This is the first ever Wodehouse book I've read and it blew me away. Very quick reading - it took me a mere 7 hours to read through the entire book (from 1pm - 8pm) and every page is perfection in language, wit and humour!!! I'm still in a daze from Wodehouse's genius! I loved all of the characters - from the "exuberant" problem-solving Uncle Fred to his guardian angel to the Duke of Dunstable's moustache - utterly hilarious!! Wodehouse is by far a master of modern writing - not just comic writing. And I strongly suspect that modern comedians borrow from his work and style in one way or another. I thoroughly recommend Service with a Smile! You will be smiling the whole way through!!
on 23 May 2008
`Service with a Smile' marks Uncle Fred's third visit to Blandings in his quest to spread sweetness and light by bringing to a suitable conclusion Bill Bailey's wooing of Myra Schoonmaker. Myra Schoonmaker was a Blandings no show from `Heavy Weather' when she was impersonated by Sue Brown under the influence of Galahad in order to marry Ronnie Fish. Here Myra appears under her own colours whilst Bill assumes the name of Brazilian Cuthbert Meriwether. The marriage has been forbidden by Lady Constance who ends up becoming betroved to James Schoonmaker under instruction from Uncle Fred. A further engagement brought to fruition is that of Archie Gilpin and Millicent Rigby.
As Fred puts it `There is always apt to be trouble when you start spreading sweetness and light. You find there isn't enough to go around and someone has to be left out of the distribution. Very difficult to get a full hand' and so there is no happy ending for Blandings regulars Lord Tilbury, of the Mammoth Publishing company whom we met previously in `Bill the Conqueror', `Sam the Sudden' and `Heavy Weather', or the Duke of Dunstable whom appeared in `Uncle Fred in the Springtime'.
As with most Wodehouse, and particularly Blandings, the plot is of little consequence and we are generally delighted by the casts most eccentric characters on being given an airing and the show here is stolen by Uncle Fred and Lord Emsworth but especially George Threepwood, Emsworth's grandson, and his Hollywood gangster dialogue and his employ of said on Dunstable, now that he has graduated from shooting people with his air gun (`The Crime Wave at Blandings') to his camera.
on 18 May 2001
When you read this book, you will enjoy it, but at the same time you may experience a slight feeling of deja vu. The storyline runs along the lines of: the empress of blandings gets stolen, someone ends up engaged to two girls at once, several people are trying to borrow large sums of money from several other people, and someone's niece gets shipped off to Blandings to prevent her marrying an impecunious suitor - not necessarily in that order. Sound familiar? That's because most Wodehouse fans could name at least three books with a VERY similar plot without stopping to think. Despite this, it is a very funny and redable book. Highly recommended, but if it sells out, just read almost any other Wodehouse and you won't know the difference.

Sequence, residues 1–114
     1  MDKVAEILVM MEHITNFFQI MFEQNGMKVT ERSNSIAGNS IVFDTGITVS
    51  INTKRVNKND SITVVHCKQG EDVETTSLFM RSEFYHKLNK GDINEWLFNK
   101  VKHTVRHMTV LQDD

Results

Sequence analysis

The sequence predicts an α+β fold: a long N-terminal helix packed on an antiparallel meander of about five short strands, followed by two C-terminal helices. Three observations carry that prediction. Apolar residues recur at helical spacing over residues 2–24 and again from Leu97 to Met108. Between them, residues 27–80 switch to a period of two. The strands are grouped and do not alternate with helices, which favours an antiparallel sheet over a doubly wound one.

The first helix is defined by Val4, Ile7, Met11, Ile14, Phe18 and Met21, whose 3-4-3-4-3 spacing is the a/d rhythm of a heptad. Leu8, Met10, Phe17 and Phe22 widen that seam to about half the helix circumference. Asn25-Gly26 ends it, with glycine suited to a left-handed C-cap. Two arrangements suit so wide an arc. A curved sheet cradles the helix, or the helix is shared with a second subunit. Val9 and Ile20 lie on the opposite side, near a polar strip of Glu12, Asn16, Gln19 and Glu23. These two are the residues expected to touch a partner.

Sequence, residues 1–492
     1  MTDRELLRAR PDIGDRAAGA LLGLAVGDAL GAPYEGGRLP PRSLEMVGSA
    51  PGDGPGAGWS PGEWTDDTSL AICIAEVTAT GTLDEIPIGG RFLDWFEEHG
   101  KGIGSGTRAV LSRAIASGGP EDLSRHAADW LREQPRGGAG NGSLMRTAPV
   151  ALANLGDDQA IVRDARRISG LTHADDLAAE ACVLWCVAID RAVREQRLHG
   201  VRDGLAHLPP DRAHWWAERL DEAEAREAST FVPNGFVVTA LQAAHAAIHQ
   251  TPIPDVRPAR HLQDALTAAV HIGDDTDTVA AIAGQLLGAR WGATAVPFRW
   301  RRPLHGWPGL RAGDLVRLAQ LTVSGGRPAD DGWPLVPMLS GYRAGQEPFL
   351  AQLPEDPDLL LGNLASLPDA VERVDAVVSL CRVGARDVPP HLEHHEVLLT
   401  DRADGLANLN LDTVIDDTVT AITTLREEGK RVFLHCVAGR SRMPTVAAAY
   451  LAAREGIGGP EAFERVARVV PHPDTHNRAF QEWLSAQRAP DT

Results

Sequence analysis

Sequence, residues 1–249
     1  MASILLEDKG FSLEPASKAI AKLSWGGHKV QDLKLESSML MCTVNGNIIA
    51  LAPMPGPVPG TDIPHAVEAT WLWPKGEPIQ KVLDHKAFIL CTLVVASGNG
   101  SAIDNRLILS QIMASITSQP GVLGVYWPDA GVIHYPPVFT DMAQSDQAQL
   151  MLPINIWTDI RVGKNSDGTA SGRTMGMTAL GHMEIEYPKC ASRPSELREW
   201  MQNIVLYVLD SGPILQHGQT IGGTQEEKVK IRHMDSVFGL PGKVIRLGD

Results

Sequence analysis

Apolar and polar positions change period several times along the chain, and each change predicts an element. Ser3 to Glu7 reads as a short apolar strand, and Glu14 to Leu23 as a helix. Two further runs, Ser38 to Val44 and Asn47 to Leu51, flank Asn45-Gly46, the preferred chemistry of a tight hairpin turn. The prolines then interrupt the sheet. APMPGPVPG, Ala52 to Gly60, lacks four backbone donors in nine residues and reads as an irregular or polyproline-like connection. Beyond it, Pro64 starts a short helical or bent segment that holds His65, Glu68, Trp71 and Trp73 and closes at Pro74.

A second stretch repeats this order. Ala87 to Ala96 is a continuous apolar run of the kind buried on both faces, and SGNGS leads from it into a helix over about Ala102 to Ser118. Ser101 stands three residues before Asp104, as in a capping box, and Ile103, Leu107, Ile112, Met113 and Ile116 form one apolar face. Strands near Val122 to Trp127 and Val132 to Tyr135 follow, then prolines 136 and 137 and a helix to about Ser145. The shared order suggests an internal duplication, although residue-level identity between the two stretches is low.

on 22 November 2011
In the classic review almost always quoted on the back covers of PGW books, Evelyn Waugh confidently stated "Mr Wodehouse's idyllic world can never stale". However, having read my collection of Blandings novels again in date order, I can assure you that by the time this one came out (1961), it was getting just the teensiest bit musty. The plot is simpler, the writing is less inspiredly baroque and, although PGW always relied on a limited range of stock characters and we love him for it, here the young lovers Bill Lister and Penny Donaldson - sorry, I mean Bill Bailey and Myra Schoonmaker - are so sketchily drawn as to be ciphers. Minor characters (Beach the butler, George Cyril Wellbeloved the miscreant pig man, and Ricky - sorry, I mean Archie - Gilpin) are so underused they might as well not be there.
As I've observed elsewhere, Wodehouse is incapable of being bad, but all the same I'm glad this is the last of my Blandings collection. I'd hate the idea of reading, say, `A Pelican at Blandings' and feeling compelled to award a Wodehouse novel fewer than 3 stars in my review. It'd be like drawing a moustache on the Mona Lisa.
on 29 April 2013
I just love the Blandings novels. I feel as though I know the characters personally. I just love to escape to the Big House and meet them again and enjoy the garden on a sunny day.